The debate is far from being over. More states are likely to pass statutes relating to the question. Since the use of trust protectors, especially in long-term trusts, is increasing exponentially, the issue will be coming before judges who will be asked to rule on the issue. In the meantime, it behooves all of us who may be either drafting trusts with trust protectors, helping administer trusts where there are named trust protectors, or litigating trusts where such powers are involved, to not only consider the issue ourselves but to also discuss it thoughtfully with our clients.

1Bove, Alexander A., Jr., The Trust Protector: Trust(y) Watchdog or Expensive Exotic Pet? , Estate Planning, Vol. 30, No 8 (Warren, Gorham & Lamont, August 2003).
2"Trust protectors are fiduciaries to the extent of the powers, duties and discretions granted to them under the terms of the trust instrument." W.S. § 4-10-711.
3 “Subject to the terms of the trust instrument, a trust protector is not liable or accountable as a trustee or fiduciary because of an act or omission of the trust protector taken when performing the function of a trust protector under the trust instrument.” AS Sec. 13.36.370(d).

April 22, 2013

Civil Unions Legislation Effective May 1, 2013

by Kelly Cooper 

In 2012, a law that would have permitted same-sex partners to enter into civil unions in Colorado failed.  In this year’s legislative session, advocates for civil unions were successful and on May 1, 2013, the Colorado Civil Union Act will become effective. 

The Act provides same-sex partners the benefits, protections and responsibilities given to spouses under Colorado law if they enter into a civil union.  In addition, the Act provides that civil unions, domestic partnerships and other legal relationships between same-sex partners created in other states will be treated as civil unions in Colorado.

Even though the Colorado Constitution (by a 2006 amendment) limits marriage to a man and a woman, the Act provides that all Colorado laws granting rights to man and woman spouses will now grant the same rights to partners entering into civil unions.   

This means, for example, that if partners wish to dissolve their civil union, they will need to file for a legal dissolution and that the laws regarding maintenance, parenting time, child support and property division will apply.

The Act does not alter the impact of the federal Defense of Marriage Act (DOMA), which provides that marriage is only between a man and a woman.  As a result, federal laws granting rights to spouses will not apply to partners in a civil union.  The United States Supreme Court is currently considering a challenge to DOMA.  An opinion is expected from the US Supreme Court in June 2013.  We can expect more developments and changes in this area in the near term, so stay tuned.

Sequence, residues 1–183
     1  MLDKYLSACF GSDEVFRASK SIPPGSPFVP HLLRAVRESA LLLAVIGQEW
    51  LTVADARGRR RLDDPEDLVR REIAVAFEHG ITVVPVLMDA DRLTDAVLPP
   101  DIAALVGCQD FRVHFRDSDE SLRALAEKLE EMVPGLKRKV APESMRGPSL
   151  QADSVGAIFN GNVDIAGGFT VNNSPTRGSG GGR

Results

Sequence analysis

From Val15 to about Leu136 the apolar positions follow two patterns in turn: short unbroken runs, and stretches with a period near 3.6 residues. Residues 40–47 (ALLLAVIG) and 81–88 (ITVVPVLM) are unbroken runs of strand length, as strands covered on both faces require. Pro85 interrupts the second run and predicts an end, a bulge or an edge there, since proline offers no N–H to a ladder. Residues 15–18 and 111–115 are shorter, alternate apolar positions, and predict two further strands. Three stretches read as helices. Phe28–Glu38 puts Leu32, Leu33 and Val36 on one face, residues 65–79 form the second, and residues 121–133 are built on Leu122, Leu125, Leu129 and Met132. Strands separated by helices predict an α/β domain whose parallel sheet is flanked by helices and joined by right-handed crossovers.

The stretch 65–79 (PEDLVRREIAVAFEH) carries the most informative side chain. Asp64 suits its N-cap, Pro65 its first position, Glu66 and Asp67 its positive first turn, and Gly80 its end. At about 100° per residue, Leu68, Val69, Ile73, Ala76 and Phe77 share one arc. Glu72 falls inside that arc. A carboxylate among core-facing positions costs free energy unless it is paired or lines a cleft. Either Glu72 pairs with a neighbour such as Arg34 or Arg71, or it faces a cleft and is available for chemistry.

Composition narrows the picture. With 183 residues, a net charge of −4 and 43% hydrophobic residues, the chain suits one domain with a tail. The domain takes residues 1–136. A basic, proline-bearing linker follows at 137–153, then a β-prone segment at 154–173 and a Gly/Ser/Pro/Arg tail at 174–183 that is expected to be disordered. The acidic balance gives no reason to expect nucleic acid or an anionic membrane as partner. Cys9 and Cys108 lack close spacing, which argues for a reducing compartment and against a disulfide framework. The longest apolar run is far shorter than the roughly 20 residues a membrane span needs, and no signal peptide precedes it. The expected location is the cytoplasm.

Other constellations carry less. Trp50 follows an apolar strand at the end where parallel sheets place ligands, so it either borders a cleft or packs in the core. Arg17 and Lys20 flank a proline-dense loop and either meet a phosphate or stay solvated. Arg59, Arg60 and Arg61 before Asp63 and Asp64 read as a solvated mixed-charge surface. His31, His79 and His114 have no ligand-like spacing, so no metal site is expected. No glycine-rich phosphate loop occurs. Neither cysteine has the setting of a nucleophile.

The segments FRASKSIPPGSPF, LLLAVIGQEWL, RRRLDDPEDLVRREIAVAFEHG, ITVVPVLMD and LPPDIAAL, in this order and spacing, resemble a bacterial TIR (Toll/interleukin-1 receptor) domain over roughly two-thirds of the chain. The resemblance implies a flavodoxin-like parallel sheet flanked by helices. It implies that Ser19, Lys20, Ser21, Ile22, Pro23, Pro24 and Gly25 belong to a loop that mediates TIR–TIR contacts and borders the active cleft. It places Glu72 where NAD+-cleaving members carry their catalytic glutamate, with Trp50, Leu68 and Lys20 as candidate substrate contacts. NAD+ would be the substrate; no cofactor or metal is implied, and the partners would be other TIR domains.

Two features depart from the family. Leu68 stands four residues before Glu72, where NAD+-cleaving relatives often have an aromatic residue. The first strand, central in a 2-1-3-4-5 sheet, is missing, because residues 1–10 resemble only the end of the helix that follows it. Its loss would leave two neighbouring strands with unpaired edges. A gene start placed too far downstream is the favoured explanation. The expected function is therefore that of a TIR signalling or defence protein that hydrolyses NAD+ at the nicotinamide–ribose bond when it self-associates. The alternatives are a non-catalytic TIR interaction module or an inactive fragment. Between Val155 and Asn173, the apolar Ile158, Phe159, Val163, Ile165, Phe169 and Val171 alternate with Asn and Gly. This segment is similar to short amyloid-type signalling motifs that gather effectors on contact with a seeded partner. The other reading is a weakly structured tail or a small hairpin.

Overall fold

April 15, 2013

Good Lawyers With Good Clients

In 2008 the Colorado Legislature amended the Colorado Probate Code to add Part 5 to Article 10 of Title 15.  Part 5, often referred to as “The Judges Toolbox,” contains procedures available to Colorado courts and interested persons to check the actions of errant fiduciaries and to do so early and efficiently.  We recommend this recent article in the ABA Probate & Property publication on national trends: Shutting Down a Fiduciary Who Is Misusing Trust Assets

April 8, 2013

Expert Excess—When Expert Testimony Is Superfluous

by C. Jean Stewart

From May 1995 through June 2011 I served as Presiding Judge of the Denver Probate Court. Lawyers occasionally complained when I asked them not to burden me with expert witness testimony on a matter of fiduciary fees or legal fees, citing CRE 702 as not contributing to my experience or knowledge on the topic. Often, under CRE 703 the opinion was not properly supported. While I understood their desire to dazzle me with their expert's opinion about the fairness and reasonableness of their upstanding client's proposed fee or, alternatively, about the outrageously excessive fee being siphoned off of the estate or trust by the unscrupulous fiduciary and his/her scumbag accountants and attorneys, I often stood pat on my original ruling that expert evidence would not be heard on the issue because it did not provide "scientific, technical, or other specialized knowledge that I thought would assist me in understanding the evidence or determining a fact in issue." CRE 702

Once or twice I had occasion to rule on a case with facts that I thought might form an excellent appellate case so that my approach could be challenged (and hopefully supported by the prevailing side). It never came to be so Colorado does not have a good appellate opinion on the point.

Recently, I read several Michigan appellate cases (one unpublished) that summarize the issue and state my views succinctly.